Before starting the engine, set the shift arm in the vertical-neutral position. Squeeze the bulb on the gas line until gas will no longer pump freely. Pull choke/primer twice, gently engage the pull-start until it locks, and then use long continuous strokes to start the engine. Jerking the pull-start will tear the engaging mechanismís lever arm. When the engine starts, put in the choke. Once the engine has warmed up, should it die, you will generally not need to rechoke. Set the throttle to idle position before shifting to forward or reverse.

After a long period of running idle, it is good for the engine to be run at higher speed for a period to clean the plugs. Plan to do this before shutting down. Do not run continuously at full throttle. Slightly faster than plane is a safe, fuel-efficient speed.

Be particularly alert in Crane Creek for manatees, and observe the no-wake law inside Melbourne Harbor.

Life jackets can be stored underneath the seat during your trip. Do not use them as seat cushions. The anchor line can be attached to the forward bow cleat in the Dixie. The fire extinguishers should be stored securely. Registration numbers are on the forward port and starboard bow of each boat; check these numbers before you take out your boat and make sure they are not worn off.

Upon returning from your trip, as you near the boathouse, pull the gas line off to allow all gas in the engine to be burned. This usually takes about a minute. Tie the boat securely to the dock. After the engine dies, raise the tilt-run lever to its tilt position and lift the engine to its full tilt position. Restore all gear to its proper place in the locker, and sign back in on the Float Plan Log. The hose for cleaning up the boat is located on the south end of the boathouse; bail bucked and scrub brushes are in the top locker. The locker must be securely fastened/locked before leaving for your research trip and again when you restore all equipment at the end of your trip. Return locker key and filled check out form immediately (leave them in the drop off box if the dockmaster is not on duty).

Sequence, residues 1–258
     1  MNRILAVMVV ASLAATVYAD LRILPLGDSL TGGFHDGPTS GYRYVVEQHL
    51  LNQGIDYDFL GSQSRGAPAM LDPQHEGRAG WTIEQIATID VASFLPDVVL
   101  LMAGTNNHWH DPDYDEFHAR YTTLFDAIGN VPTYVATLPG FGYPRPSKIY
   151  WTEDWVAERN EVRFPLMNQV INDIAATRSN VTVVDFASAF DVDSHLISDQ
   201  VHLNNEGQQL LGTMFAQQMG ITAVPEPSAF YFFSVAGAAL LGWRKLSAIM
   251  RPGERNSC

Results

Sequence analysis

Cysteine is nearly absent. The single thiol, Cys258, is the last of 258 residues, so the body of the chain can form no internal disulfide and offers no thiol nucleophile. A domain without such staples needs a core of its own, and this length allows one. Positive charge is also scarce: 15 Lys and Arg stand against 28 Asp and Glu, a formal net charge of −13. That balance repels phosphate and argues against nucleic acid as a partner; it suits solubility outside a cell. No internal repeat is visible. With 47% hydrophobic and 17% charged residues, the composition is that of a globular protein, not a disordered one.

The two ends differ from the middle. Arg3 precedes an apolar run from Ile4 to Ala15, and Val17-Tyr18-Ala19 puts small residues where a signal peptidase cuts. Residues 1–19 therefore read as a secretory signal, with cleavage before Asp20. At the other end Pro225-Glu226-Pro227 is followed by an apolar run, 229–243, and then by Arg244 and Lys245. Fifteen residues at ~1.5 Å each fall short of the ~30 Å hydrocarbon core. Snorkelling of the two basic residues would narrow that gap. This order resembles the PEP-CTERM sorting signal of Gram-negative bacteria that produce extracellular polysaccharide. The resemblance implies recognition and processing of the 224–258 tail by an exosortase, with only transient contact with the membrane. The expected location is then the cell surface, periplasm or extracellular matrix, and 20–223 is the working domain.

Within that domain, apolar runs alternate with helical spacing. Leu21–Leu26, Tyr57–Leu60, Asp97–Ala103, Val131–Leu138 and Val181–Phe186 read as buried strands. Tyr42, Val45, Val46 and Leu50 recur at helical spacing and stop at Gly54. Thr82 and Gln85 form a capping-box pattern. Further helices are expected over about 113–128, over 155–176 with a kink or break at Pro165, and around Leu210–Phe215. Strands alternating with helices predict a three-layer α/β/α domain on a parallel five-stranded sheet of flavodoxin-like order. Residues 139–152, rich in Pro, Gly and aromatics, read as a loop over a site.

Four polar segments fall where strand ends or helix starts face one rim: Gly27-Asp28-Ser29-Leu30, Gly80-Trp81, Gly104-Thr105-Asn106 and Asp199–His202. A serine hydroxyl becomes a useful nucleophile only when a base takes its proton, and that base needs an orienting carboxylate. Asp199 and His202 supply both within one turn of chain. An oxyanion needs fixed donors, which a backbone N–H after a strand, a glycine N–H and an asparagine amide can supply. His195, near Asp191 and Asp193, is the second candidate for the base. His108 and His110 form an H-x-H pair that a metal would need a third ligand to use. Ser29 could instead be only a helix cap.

No small boats (McKee and Whaler included) are to go out when small craft are cautioned to stay in port (small craft advisories).

In the event of an accident or injury, render required first aid on the scene, and secure professional medical attention as needed. Any such incident is to be reported immediately to Captain Richard Gurlek (432-5365, 725-6288 or 768-7318) or Thomas Harman (723-0733), or Florida Tech Security Office (674-8111).

Any mechanical or equipment problems are to be reported to the dockmaster directly or on the Comments/Report section of the Check out form after returning.

Florida Techís liability insurance covers Florida Tech-certified small boat operations while operating properly equipped boats, in compliance with State and Federal regulations. Negligent or reckless operation may void that coverage and, without question, leave the operator open to personal liability.

It is our intention to support the research and teaching needs of students and faculty to the greatest reasonable degree. Safe, efficient operation will require cooperation, observance of Federal and State Law, and recognition of the potential disaster involved in marine operations. Failure to follow these guidelines or to exercise prudence may result in the loss of boating privileges.


Good Boating!

Captain Richard M. Gurlek
Director, Marine Operations

Thomas A. Haman
Evinrude Marine Center